As a 1995 paper in the Journal of Economics Literature put it, “There is a long history of empirical studies attempting to pin down the effects of minimum wages, with limited success.” No one found significant employment losses when President Truman raised the minimum wage by 87% in 1950. When Congress raised the minimum wage by 28% in two steps in 1967, businesses predicted large employment losses and price increases. As the Wall Street Journal reported six months later, “Employment and prices show little effect from $1.40-an-hour guarantee.”
Via the Seattle Times, which researched the matter as their city council considered (and did!) raising the minimum wage to $15 an hour:
Ten years ago, San Francisco raised its minimum wage from $6.75 to $8.50 an hour, a 26 percent increase. Since then, it has gone up at regular intervals to its current $10.74 an hour, the highest big-city starting wage in the country.
The city has slapped other mandates on businesses, including paid sick leave and a requirement to provide health-care coverage or pay into a pool for uninsured residents.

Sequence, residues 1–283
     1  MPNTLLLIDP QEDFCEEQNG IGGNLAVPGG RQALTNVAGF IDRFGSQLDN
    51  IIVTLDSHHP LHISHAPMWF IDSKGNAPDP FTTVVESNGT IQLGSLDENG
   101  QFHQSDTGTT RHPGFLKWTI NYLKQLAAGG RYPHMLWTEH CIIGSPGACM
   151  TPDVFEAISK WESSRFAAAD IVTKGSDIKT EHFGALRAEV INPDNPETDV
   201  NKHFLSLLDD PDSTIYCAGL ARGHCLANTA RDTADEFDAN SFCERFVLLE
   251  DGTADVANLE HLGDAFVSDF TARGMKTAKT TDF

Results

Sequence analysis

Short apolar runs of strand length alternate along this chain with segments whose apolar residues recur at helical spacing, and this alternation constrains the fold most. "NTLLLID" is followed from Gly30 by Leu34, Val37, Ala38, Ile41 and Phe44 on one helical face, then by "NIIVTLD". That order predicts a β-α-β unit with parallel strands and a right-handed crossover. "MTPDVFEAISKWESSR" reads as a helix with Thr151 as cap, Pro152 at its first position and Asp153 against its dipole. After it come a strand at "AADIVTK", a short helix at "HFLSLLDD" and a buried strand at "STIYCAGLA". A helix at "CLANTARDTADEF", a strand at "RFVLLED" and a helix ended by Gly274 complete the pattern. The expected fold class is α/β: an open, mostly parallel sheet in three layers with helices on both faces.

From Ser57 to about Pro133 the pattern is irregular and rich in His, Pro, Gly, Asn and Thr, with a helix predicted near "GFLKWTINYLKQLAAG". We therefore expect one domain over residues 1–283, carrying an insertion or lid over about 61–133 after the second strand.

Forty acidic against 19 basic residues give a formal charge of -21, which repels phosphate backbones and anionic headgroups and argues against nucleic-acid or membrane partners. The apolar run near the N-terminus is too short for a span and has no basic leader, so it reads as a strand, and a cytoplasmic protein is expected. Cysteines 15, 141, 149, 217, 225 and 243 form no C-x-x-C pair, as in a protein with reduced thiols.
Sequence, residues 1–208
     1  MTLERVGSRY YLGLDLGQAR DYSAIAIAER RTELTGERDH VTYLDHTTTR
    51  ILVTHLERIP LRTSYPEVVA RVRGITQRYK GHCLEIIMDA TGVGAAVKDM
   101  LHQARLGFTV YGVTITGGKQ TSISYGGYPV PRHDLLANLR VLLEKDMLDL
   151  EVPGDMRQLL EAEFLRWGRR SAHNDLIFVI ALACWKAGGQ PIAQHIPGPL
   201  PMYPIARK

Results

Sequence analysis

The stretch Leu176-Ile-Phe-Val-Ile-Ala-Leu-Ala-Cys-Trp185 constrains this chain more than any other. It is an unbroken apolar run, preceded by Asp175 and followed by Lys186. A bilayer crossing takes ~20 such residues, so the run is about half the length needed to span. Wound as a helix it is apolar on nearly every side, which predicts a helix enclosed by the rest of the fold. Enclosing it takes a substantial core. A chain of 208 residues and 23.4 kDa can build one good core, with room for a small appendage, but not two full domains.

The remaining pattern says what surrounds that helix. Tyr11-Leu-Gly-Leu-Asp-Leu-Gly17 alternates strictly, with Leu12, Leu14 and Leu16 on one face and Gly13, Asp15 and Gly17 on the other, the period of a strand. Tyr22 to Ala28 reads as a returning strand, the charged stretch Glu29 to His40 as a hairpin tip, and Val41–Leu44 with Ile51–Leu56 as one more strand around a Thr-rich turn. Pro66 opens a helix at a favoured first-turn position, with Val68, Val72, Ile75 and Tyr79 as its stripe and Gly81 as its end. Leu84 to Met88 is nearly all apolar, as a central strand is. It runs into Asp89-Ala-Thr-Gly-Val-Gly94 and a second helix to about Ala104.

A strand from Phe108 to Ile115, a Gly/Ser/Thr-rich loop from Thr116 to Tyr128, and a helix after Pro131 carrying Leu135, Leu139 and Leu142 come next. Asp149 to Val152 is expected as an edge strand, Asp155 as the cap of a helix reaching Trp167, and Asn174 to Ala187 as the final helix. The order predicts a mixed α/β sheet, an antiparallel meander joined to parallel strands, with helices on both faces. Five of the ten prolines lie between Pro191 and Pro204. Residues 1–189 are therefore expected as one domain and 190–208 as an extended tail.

What have the effects been on employment?
Almost none, according to economists at the University of California, Berkeley, who have studied San Francisco, eight other cities that raised their minimum wages in the past decade, and 21 states with higher base pay than the federal minimum.
Businesses absorbed the costs through lower turnover, small price increases at restaurants, which have a high concentration of low-wage workers, and higher worker productivity, the researchers found.
When in Doubt, Blame Bob Filner
What we do know is that the San Diego Chamber of Commerce has an unbeatable record when it comes to hyperbole and misdirection in defending what it sees as the best interests of its members. They’re a lying machine and proud of it. Remember the imminent collapse of the hotel/tourism industry? How about those 46,000 jobs fleeing San Diego?